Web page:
How to Purchase Foreclosure Property

I get a lot of people contacting me through the Internet concerning California foreclosure property. A common question might be like this "I just saw a foreclosed house online that's worth $500,000. It's going to be auctioned in two weeks for $90,000. What's the catch?". Well, there are major catches: that's just the open bid, the lender isn't going to allow it to be sold for that much, and to be buying foreclosure properties at auction you usually need to be able to pay in cash. Many properties at auction will get bid up to 70% to 80% of their market value, and must be paid for in cash. A conventional loan cannot be used. Also, the amount owed to the first lien holder must be paid off during the auction or the property will become an REO (Real Estate Owned by the bank), so don't expect the above mentioned property to go out at anything close to $90,000. Most properties at auction today have more owed against them than anyone is going to bid for in cash. Often they have more owed agaist them than what they are worth. If they had any significant amount of equity, the property won't be on the foreclosure block to begin with. If you want to really get a good deal on foreclosure properties, and/or you need to get a loan to pay for part of the purchase, then you have to target foreclosures in a different way. The best two types of foreclosure properties to go after are listed Short Sales and listed REOs. Stick with properties already listed by agents. This will save you money, save your sanity, save your precious time, and help keep you out of court. Trying to deal directly with people who are losing their homes to foreclosure tends to be DIFFICULT to say the least, and sometimes dangerous both legally and physically.

Let's begin with an overview of the foreclosure process in California. The foreclosure process in California begins when the lender doesn't get their monthly payment on time. The lender will send out a letter advising the borrower that the payment is now overdue and must be received shortly; otherwise the foreclosure process will begin. If the lender still doesn't get the payment, a Notice of Default is sent. This begins a 90-day countdown to the bank being able to advertise the property as foreclosed and set a date for it to be auctioned for cash (or reposessed if no one bids as high as what the bank owes).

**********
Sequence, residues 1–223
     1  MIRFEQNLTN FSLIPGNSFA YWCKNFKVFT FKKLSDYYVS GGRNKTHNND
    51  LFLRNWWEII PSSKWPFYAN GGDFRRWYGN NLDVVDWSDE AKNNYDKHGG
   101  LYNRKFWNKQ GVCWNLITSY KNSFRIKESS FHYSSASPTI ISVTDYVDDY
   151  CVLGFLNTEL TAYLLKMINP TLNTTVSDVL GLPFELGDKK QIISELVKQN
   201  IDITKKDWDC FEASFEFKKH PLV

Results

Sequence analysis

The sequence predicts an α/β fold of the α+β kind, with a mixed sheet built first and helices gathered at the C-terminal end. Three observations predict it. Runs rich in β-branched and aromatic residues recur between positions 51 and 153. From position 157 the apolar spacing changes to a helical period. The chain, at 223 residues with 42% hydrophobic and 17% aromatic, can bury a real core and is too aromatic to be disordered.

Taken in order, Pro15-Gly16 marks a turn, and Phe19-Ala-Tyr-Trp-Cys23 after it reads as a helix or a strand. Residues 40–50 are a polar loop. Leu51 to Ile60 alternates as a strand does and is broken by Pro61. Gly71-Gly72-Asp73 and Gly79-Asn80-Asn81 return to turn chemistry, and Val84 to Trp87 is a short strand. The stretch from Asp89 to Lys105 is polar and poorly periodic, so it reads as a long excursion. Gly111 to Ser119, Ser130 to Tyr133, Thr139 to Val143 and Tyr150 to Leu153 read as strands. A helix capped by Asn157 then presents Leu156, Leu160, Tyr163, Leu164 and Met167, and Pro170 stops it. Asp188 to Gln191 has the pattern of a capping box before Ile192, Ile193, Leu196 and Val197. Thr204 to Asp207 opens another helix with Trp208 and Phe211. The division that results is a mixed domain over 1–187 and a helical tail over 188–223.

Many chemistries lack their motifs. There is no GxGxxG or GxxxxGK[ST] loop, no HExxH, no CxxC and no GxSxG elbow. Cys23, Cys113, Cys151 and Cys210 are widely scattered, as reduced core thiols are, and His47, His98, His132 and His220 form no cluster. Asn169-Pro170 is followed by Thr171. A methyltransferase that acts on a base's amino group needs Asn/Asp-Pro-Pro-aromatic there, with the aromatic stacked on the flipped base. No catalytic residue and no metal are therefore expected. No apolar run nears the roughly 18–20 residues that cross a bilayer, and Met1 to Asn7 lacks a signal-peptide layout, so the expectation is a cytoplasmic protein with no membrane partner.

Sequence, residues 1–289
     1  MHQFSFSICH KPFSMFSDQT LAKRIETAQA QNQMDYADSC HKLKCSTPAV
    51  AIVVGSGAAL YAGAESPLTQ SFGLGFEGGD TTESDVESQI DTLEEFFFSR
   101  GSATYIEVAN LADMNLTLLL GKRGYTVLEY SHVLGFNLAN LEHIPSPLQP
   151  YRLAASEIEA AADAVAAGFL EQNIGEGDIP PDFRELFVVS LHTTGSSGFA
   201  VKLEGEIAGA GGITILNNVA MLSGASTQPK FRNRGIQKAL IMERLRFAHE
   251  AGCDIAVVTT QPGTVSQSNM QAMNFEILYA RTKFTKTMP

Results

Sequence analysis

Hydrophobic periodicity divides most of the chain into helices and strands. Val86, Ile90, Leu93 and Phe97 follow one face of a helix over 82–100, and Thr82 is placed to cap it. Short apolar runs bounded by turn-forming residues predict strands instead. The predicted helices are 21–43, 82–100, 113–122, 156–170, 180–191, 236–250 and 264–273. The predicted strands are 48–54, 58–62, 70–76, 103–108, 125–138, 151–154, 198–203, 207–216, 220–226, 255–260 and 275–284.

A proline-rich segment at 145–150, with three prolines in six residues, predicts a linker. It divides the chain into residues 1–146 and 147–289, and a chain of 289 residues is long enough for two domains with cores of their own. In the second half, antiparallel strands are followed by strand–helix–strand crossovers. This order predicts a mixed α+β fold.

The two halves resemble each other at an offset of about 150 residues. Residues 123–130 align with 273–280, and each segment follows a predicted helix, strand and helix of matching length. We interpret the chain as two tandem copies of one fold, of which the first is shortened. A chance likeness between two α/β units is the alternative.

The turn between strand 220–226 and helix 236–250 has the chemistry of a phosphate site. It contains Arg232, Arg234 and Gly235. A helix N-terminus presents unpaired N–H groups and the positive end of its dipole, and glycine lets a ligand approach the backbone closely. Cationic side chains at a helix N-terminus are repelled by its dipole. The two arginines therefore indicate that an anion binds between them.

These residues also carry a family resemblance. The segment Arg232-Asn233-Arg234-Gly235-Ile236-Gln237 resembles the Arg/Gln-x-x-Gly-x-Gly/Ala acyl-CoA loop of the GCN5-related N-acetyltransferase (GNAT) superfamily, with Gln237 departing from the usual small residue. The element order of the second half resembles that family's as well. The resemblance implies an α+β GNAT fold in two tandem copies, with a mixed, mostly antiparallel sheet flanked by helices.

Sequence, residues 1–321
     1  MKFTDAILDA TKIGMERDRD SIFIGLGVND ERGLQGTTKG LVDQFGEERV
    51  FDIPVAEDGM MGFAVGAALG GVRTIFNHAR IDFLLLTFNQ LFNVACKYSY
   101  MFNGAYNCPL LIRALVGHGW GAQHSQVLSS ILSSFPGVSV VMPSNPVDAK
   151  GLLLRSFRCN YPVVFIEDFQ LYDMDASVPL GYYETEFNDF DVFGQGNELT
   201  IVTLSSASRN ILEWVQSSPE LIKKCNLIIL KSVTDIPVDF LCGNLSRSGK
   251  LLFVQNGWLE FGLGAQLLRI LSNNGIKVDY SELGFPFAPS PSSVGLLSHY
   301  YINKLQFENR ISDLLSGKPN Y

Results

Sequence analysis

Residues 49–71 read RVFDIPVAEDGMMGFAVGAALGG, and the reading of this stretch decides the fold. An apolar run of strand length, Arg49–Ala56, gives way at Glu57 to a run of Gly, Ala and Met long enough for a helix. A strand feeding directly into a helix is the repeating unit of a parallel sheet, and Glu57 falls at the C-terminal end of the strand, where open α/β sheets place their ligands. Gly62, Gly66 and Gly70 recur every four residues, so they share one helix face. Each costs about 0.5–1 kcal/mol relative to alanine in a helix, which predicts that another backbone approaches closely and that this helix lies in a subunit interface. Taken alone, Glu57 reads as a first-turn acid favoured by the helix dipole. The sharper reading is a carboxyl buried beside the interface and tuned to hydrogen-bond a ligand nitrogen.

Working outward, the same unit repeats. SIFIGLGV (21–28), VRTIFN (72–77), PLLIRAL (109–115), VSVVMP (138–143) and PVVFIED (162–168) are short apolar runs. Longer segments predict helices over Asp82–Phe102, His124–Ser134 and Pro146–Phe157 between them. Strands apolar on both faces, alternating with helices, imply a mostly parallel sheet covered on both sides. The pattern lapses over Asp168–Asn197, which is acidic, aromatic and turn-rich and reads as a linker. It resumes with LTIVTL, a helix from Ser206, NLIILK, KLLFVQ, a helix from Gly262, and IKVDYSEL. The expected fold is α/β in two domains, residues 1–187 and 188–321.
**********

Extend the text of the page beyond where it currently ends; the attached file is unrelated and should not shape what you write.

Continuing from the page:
Typically, there is only one Notice of Default. This notice means that the borrower has 90 days to pay the balance due, which includes significant extra charges at this point because of late fees, interest charges, and the banks getting their legal departments involved. Every month that goes by, additional charges are added to the total bill for getting the property back out of foreclosure. As you can imagine, the charges add up so quickly that it's hard for most people in financial trouble to get themselves out once the process starts.

It is during this time that you may be able to come in with a Short Sale offer and get the property at a bargain price. A Short Sale is a pre-auction negotiation in which the lender agrees to take less for the property than the total amount of debt owed against it. I have seen lenders negotiate off 20% or even 30% of the debt, which can be a great bargain for the purchaser.

After the lender has gone through the 90-day Notice of Default process, they can advertise the auction of the property, then conduct the actual auction. By law, it must advertised over at least a three-week period and recorded at the courthouse with what is know as a "Notice of Trustee Sale". Foreclosed property that doesn't get high enough bids at the auction becomes bank property and is known as "Real Estate Owned", or simply REO. The lender will often then put the property on the open market and try to get a descent price by having a real estate agent market it.

Lenders generally prefer to get rid of REO properties quickly. Having too many foreclosed properties on hand can cause the government to raise its lending rate to that bank, or place the bank under various kinds of federal scrutiny. This is why REOs can also be wonderful bargains for buyers. REOs listed with real estate agents are often listed to sell at below-market prices, plus the bank may even be willing to go even lower.

So how do you buy a bargain property in this market? Well, the best thing to do is to talk to an experienced agent who works with a lot of these types of properties. In 2007, no other local REMAX agent had more transactions than I did, and many of these were distressed properties. This is one of the best times to buy in the last 30 years. Historically, California housing prices only go up over any extended period of time, and you may be surprised just how much of a loan you can get qualified for. Short Sales and REOs can even get you a property for 20% or even 30% below prevailing market prices. The important thing is that you get into California real estate at some point. If you buy today, five years from now you will probably look back and be amazed at what a bargain you got. I'm happy to answer any questions you may have. Give me a phone call at 805-284-8422, or email me at your convenience.

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